They couldn’t beat L.A., so Blazer fans decided instead to beat the traffic. Down a seemingly insurmountable 18 points with 3:23 remaining in the fourth quarter, the Blazer contingent of the lower bowl started streaking towards the exits. The torrent of bodies was as cold and swift as the Columbia. A minute and a half later, parts of the 300 level were begining to empty out—a sight almost as rare as a Laker win in Portland. But fans can be forgiven, I suppose, for wanting to avoid scenes like this one.
Saturday’s 99-82 loss was the first time in 10 games that the Lakers left the Rose Garden with their heads high. Futhermore, it was L.A.’s biggest margin of victory in Portland since the nearly identical score on January 3rd 1988. That game was played at Memorial Coliseum.
Even stranger, the Lakers ended the streak without Kobe Bryant. And I can’t help but wonder if all Portland’s collective hatred of the Black Mamba as a galvanizing force left some kind of emotional void on the court at the Rose Garden—it certainly did in the air.
Indeed a great deal of energy was sucked from the Rose Garden before the first shot was taken. It was announced earlier Saturday afternoon that Brandon Roy would continuing sitting out through the All Star break. He talked to reporters before the game.
After Roy’s press conference came the news that Bryant too would sit out. It came as a shock to many members of the media, not to mention the throngs of Laker fans salivating in their #24 jersey. And while Bryant’s absence seemed to up the Blazers’ chances, it didn’t make for a compelling matchup. Indeed tonight’s buzz was nowhere near it’s usual Laker-visit pandemonium.
Blazer fans, however, may take some consolation that Bryant’s streak of nine-straight Rose Garden defeats remains alive and well. But for most, Saturday night was still a heavy blow to take. I asked Nate McMillan where this loss stacked up against the most difficult of the season and he snapped at me a little in response:
The Blazers were outplayed across the board. Statistically speaking, the only categories they bested the Lakers were in free throws attempted (19 to 15) and free throw percentage.
L.A. dominated most thoroughly was on the glass. The Lakers out-rebounded Portland 47-30 overall, and a nauseating 12 to two on the offensive end which helped the visitors take 13 more shots than the home team.
Lamar Odom led L.A. with 22 boards—more than the combined total of Portland’s starting lineup (together they had 20). Odom began the night matched up against Andre Miller and immediately started posting up the substantially smaller guard. I asked Odom if he felt a big night coming on when he looked the potential matchups beforehand:
As Odom said, the Lakers have the ability to go big or small. And when a player who’s 6’10” can play everything from point guard to center, the injury ravaged Trail Blazers are often going to find themselves at a dissadvantage.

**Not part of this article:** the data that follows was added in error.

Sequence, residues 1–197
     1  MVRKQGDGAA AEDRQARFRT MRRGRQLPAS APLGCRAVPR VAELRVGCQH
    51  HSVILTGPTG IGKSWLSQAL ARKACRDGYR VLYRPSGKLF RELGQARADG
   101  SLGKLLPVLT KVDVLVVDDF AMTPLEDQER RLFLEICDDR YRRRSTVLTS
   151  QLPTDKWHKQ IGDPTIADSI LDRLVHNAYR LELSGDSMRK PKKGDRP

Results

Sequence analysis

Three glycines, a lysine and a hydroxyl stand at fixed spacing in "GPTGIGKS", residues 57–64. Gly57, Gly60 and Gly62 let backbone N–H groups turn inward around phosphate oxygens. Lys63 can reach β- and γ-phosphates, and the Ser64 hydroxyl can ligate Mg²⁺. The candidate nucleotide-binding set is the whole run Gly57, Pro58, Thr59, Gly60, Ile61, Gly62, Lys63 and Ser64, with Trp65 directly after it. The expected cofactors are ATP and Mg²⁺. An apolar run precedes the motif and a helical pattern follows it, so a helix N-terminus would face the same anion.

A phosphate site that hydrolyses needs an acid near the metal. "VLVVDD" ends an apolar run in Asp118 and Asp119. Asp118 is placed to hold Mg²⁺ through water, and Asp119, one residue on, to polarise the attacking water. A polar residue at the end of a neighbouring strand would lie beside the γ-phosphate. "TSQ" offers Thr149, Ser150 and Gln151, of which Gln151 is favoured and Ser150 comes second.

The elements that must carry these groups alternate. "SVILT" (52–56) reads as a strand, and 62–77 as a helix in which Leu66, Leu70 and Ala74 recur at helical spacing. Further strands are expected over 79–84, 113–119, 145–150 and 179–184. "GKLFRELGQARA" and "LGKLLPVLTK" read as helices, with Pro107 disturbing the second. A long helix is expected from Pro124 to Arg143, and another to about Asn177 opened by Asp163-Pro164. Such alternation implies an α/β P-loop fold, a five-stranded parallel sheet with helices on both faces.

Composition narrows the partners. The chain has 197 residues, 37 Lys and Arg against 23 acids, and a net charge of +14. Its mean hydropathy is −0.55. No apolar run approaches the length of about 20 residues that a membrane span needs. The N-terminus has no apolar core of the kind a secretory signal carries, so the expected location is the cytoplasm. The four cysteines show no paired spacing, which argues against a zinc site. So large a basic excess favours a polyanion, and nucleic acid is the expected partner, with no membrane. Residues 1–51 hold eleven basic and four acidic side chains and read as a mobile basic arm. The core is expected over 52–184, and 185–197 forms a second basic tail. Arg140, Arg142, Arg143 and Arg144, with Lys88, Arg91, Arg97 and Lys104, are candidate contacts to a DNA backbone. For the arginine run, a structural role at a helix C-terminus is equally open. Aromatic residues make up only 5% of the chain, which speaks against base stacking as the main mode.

While he isn’t versatile like Odom, Pau Gasol also gives the Lakers freedom to strech. Equal parts finesse and power, the seven foot tall Spaniard is a good enough passer where he doesn’t necessarily need to be in the key to thrive. Gasol, who finished with 13 points and eight rebounds, talked about finally getting a win in the Rose Garden, and how the sitting of Kobe Bryand and Brandon Roy cancel each other out somewhat. He also noted that the Blazers were startlingly thin inside:
The only Blazer players whose performances were any better than just mediocre were Andre Miller and Juwan Howard, even if their nights felt mostly quiet. Miller hit five of eight attempts, and finished with 14 points and six assists. Howard hit five of seven shots for 10, and grabbed seven boards. The rest of the cast didn’t give the veterans much help.
Sure, LaMarcus Aldridge scored 16 points, but it took him just as many shots. Martell Webster and Steve Blake were atrocious. Webster was one of seven for two points, while Blake had a similar line—one for five, three points. In the locker room afterwards, a sullen Webster took responsibility for his poor performance:
Despite Webster’s admission, this wasn’t a loss to be hung on a single player or players—the entire team got worked by the Bryant-less Lakers.
When the Blazers succeed as of late, it’s usually because a player or two finds a hot hand that inspires the rest of the team to lay out. But against the Lakers Saturday night that leader never appeared. And while credit must go to the opposing defense, tonight’s failure was more than systematic. On too many possessions the Blazers looked aimless on offensive. No one seemed to want to be The Man. But with at least two more games before Brandon Roy returns, the Blazers need someone with ego enough to try.